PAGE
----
AWSEM Studies of Cyclophillin A Evolving Pseudogenes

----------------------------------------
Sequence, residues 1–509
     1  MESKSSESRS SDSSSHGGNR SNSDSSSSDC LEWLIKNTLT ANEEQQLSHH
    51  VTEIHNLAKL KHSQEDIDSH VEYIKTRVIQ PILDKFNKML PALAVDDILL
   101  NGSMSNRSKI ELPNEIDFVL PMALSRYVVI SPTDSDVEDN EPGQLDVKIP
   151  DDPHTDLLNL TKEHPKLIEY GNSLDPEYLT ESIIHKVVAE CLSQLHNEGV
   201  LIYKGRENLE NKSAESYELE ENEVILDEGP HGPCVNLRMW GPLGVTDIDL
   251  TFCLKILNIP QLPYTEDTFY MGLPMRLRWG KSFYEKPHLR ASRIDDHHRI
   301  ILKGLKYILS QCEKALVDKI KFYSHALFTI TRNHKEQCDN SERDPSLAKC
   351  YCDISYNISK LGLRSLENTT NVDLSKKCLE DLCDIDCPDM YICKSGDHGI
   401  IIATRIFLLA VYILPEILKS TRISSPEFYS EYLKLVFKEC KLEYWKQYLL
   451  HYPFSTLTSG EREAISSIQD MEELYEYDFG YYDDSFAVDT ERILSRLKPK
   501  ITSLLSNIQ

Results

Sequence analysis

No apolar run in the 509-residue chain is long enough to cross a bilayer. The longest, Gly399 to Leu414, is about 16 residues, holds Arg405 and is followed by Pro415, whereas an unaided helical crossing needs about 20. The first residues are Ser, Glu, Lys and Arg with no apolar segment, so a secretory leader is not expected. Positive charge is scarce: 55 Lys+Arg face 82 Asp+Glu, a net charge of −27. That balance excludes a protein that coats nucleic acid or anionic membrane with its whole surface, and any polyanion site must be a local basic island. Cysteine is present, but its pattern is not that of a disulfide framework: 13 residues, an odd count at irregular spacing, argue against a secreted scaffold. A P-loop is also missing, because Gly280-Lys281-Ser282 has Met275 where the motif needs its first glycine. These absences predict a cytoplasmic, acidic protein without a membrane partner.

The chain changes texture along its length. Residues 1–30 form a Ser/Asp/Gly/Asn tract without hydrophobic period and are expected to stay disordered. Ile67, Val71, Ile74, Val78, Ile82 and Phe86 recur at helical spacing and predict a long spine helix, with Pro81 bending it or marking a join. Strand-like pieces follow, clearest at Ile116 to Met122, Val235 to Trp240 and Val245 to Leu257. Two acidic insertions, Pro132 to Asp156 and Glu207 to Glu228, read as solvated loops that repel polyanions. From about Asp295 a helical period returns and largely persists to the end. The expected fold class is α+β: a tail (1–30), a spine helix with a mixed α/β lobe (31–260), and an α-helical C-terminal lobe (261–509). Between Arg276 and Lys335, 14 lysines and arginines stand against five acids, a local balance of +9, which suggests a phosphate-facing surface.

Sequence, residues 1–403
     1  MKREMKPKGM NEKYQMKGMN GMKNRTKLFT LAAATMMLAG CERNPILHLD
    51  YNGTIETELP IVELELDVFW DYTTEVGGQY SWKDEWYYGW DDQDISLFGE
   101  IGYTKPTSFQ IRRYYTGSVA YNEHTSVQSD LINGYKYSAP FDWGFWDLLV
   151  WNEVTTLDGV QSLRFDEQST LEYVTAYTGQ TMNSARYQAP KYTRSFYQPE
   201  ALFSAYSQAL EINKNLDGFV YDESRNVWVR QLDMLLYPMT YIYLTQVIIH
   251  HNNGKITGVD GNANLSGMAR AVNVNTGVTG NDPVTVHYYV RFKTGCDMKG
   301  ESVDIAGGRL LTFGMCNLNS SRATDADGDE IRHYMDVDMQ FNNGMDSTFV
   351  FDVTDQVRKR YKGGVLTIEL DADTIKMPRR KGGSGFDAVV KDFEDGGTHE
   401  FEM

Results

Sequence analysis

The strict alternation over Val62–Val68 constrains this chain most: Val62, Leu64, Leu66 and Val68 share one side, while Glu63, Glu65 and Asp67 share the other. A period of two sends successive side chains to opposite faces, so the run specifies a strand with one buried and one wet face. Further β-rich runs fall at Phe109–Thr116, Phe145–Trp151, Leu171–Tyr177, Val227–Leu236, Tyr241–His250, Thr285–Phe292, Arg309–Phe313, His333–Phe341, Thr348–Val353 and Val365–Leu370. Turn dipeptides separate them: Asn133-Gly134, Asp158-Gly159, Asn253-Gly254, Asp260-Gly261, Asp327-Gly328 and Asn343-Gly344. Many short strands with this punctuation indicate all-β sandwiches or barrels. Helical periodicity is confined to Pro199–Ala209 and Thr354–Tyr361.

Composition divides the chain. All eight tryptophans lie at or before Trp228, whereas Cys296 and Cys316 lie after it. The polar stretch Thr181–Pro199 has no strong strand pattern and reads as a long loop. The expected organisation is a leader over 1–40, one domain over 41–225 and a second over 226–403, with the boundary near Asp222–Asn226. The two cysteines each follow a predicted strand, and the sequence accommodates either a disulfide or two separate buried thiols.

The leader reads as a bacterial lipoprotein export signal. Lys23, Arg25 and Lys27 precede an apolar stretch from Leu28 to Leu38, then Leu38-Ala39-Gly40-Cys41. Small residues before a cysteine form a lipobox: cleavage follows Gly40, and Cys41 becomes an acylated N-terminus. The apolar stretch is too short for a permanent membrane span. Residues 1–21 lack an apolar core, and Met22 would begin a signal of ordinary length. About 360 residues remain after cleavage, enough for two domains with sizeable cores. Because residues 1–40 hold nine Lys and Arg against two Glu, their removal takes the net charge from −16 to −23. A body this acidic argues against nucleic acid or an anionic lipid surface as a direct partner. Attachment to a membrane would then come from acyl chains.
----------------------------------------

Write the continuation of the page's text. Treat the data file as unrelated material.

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Pseudogenes are defined as nonfunctional relatives of their protein coding parent genes that give us a glimpse at former coding genes that were under selection pressure, and now are neutrally evolving. By looking at multiple pseudogenes of a parent gene, we can see snapshots of evolution with dying genes and genes that are regaining function. This research aims to analyze and compare the energetic landscapes of pseudogenes and their respective parents in a way that has never been done in literature. Five pseudogene candidates demonstrating various levels of activity were obtained from the biologically important Cyclophilin A protein family. AWSEM Suite was chosen to predict the pseudogene protein structures which was compared directly against the parent gene structure. Our analysis of the different pseudogene structures found high similarity when compared to the parent crystal structure. Our analysis of the evolutionary energies showed that energies are lower between pseudogenes and parents as expected. We conclude that pseudogenes still maintain the structure of their parent gene (have similar physical energies) despite mutations and varying activity levels and that pseudogenes have more unstable evolutionary energies compared to their parents. This research only explored one protein family that had a complete protein family structure and multiple pseudogenes for testing. In the future, research should be expanded to more protein families and analyze the full sequence of pseudogenes. This project was completed with contributions from Hana Jaafari from Rice University.